Vittorio Rieti (28 Janvier 1898, Alexandrie, Égypte - 19 février 1994, New York City, USA)

En 1917, Vittorio Rieti part  à Milan où il fait ses études en économie (Université Bocconi où il soutient une thèse sur l'économie turque) et étudie aussi le piano avec Giuseppe Frugatta et la composition avec Ottorino Respighi, Gian Francesco Malipiero et Alfredo Casella.
En 1925 il s'établit à Paris où il compose de la musique de ballet pour George Balanchine et les ballets russes de Diaghilev (Barabau), puis à New York en 1940. Aux États-Unis il enseigne dans différentes écoles des musiques, comme le Hunter College de New York (1960-1964), à Baltimore et à Chicago. Il obtient la nationalité américaine en 1944.
Il rencontre sa femme à Alexandrie, Égypte.
Sa musique est tonale et néo-classique, de style mélodique et élégant.

Samuel Rechtoris (1991) - booklet note published in "Vittorio Rieti" CD, New World NWCR 601

Few composers have sustained as prolific a level of compositional activity into their sixth or seventh decade as Vittorio Rieti has into his tenth.  A remarkable flourishing of creative energy has, in the years 1988-1991 alone, resulted in the creation of Symphonies Nos. 9, 10 and 11, the Second Harpsichord Concerto, Third Violin Concerto, Fifth and Sixth String Quartets and no less than seven instrumental works.

Throughout a century of rapidly evolving and radically disparate musical styles, Vittorio Rieti has maintained a consistent, unique stylistic identity.  In asserting that his principal composition teacher was Bach, Rieti reaffirmed in words what we hear in his music - that he understood and internalized the artistic workings of earlier masters, giving him the confidence to remain independent of fashionable trends. Joel Sheveloff has written, "Among twentieth-century composers, none knows more about his predecessors than Rieti, particularly about those dark corners in musical creativity in which rough places are made plain, and transitional passages get directed toward their proper goals. Perhaps Rieti’s greatest gift is his ability to see a musical idea through to its logical conclusion. When a Rieti piece ends, the audience is almost always sorry it is over — it was going along so well."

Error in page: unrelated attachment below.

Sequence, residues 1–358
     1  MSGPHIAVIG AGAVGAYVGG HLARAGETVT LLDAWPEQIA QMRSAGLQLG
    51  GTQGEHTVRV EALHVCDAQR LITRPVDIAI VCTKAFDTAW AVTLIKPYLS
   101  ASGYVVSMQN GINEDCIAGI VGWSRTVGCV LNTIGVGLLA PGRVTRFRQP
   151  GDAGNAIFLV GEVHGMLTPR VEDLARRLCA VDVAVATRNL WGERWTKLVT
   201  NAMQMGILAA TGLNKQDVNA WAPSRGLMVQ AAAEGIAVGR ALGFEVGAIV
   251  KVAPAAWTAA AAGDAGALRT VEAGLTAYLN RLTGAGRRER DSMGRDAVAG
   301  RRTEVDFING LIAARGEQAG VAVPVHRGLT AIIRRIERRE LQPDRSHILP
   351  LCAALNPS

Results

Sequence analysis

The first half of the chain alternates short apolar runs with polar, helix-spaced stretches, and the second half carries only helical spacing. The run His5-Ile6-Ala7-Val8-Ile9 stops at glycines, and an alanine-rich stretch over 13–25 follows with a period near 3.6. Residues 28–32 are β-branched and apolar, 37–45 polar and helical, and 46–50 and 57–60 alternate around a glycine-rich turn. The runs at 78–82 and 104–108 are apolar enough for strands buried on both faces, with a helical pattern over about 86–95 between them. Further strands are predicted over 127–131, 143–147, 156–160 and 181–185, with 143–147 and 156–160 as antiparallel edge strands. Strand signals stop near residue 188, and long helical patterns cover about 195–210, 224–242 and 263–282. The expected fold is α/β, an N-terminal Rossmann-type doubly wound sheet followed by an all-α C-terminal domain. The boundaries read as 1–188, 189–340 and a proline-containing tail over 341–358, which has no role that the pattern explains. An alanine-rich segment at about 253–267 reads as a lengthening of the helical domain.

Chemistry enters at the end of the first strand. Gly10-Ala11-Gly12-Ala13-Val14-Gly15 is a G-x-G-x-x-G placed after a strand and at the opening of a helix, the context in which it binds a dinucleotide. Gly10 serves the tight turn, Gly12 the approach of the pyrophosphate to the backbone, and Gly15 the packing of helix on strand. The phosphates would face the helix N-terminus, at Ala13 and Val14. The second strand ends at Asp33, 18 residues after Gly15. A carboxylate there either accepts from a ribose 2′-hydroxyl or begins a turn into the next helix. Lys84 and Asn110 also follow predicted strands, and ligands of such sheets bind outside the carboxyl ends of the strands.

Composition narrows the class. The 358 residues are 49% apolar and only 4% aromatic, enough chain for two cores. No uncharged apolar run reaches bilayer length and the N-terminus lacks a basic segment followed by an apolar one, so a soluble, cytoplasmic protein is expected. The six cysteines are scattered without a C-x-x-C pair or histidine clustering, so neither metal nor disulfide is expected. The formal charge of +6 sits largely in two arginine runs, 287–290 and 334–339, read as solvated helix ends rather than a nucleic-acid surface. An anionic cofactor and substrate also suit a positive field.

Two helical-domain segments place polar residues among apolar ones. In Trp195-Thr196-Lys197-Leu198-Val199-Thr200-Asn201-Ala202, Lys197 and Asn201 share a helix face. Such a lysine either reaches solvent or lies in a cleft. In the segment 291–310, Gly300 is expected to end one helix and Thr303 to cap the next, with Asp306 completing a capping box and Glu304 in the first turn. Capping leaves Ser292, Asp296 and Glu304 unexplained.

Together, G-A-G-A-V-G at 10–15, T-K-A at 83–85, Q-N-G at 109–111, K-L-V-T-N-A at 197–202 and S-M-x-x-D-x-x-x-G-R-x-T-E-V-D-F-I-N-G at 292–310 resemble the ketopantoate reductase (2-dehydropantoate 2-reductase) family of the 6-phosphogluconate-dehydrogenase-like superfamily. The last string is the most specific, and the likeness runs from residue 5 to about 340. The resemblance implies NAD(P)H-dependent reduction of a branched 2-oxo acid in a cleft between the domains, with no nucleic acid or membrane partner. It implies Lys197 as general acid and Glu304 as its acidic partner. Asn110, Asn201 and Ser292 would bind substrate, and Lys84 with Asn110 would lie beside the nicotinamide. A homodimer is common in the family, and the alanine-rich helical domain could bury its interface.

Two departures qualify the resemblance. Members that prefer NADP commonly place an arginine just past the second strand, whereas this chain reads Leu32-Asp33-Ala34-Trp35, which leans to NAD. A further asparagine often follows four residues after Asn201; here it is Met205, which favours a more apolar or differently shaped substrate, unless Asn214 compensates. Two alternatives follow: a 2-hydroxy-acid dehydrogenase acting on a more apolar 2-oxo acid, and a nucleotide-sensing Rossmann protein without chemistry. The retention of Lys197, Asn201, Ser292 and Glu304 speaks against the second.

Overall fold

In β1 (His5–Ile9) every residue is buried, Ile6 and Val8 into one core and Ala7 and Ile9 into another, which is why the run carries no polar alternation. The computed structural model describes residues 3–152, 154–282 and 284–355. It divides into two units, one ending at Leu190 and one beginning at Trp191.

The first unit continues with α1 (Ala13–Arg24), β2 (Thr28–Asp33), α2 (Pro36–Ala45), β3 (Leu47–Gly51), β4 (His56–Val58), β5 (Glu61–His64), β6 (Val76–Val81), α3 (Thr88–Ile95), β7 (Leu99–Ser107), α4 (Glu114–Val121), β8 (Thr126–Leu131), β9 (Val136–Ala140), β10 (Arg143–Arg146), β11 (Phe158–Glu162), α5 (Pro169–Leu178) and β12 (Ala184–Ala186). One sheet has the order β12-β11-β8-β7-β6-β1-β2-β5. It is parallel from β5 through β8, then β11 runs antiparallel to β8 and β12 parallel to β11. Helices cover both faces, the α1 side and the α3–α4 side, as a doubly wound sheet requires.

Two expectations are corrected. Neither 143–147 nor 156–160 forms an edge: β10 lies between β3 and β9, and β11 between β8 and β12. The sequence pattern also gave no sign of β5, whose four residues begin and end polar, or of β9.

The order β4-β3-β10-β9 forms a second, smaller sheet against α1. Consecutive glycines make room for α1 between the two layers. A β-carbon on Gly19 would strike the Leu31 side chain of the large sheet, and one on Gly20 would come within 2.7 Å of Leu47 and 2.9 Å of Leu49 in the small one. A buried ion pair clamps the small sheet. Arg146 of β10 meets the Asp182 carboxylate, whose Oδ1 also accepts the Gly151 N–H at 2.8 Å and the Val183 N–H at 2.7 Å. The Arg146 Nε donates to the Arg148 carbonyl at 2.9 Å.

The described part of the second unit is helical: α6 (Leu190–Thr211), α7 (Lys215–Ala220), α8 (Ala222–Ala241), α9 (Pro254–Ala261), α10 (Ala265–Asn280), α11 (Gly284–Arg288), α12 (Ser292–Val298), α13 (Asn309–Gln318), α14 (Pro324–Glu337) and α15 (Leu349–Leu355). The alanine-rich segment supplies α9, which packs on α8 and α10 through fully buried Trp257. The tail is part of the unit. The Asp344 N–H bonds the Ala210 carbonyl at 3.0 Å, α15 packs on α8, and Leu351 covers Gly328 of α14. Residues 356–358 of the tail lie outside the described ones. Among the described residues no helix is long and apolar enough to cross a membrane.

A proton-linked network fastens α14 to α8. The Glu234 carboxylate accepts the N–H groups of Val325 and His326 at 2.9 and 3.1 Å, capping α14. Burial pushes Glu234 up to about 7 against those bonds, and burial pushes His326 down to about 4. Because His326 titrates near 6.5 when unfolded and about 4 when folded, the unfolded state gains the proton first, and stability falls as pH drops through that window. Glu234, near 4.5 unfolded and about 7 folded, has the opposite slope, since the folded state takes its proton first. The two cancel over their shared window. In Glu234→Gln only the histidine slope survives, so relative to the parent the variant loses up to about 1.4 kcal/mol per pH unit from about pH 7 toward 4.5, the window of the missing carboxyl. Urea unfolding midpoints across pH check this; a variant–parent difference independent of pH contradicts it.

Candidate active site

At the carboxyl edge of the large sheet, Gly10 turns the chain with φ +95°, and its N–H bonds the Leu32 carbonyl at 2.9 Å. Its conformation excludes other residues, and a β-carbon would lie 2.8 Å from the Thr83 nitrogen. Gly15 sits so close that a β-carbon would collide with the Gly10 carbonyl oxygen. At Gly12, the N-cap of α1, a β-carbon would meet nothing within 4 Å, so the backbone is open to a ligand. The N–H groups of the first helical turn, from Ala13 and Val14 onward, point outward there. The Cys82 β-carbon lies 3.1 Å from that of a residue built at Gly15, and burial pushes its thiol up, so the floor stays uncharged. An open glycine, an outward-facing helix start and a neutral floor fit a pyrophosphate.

Vittorio Rieti has enjoyed describing himself as a citizen of the world.  Born in Alexandria, Egypt in 1898, he traveled to Milan at sixteen to enter Bocconi University. Soon after submitting a doctoral thesis in 1917 on the economy of Turkey, he redirected his life and by 1925 had composed music for George Balanchine's first ballet, Barabau. He travelled widely throughout Europe and developed relationships of mutual respect with other composers: Schoenberg, Berg and Webern in Vienna; Casella and Respighi in Rome; Lambert and Walton in London; and numerous artistic luminaries in Paris.  His friendship with Igor Stravinsky, begun in the 1920s, continued for over half a century. Of all the musicians, dancers and theatrical figures who worked with the legendary Sergei Diaghilev, Rieti alone survives.

After fifteen productive years in Rome and Paris, political conditions in Europe compelled Rieti to immigrate to New York City in 1940.  He began a distinguished teaching career in the United States by succeeding Nadia Boulanger at the Peabody Conservatory in 1948.  He later held positions at Chicago Musical College and Queens College in Flushing, New York.  Rieti's orchestral works were championed by such great conductors as Ansermet, Kubelik, Mengelberg, Mitropoulos, Monteux, Reiner, and Toscanini. His ballets continue to be frequently performed, La Sonnambula (The Night Shadow) having received more than two thousand performances.   In every corner of the world, Vittorio Rieti's name epitomizes urbanity, charm and technical mastery. 

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When one is marking time in decades it may matter little that sixty years has elapsed before the first American recording of Rieti's 1931 Serenata per Violino Concertante e Piccolo Orchestra.  More significant is the fact that Janet Packer's perforrmance of the Serenata inspired Rieti to compose his third violin concerto, Concerto Giannetto, in 1991.

The Serenata was premiered in Brussels in November 1931 by Yvonne de Casa-Fuerte, the work's dedicatee and Rieti’s friend.  The composer conducted the Paris premiere, and the work was subsequently performed in Strasbourg, Rome and Vienna.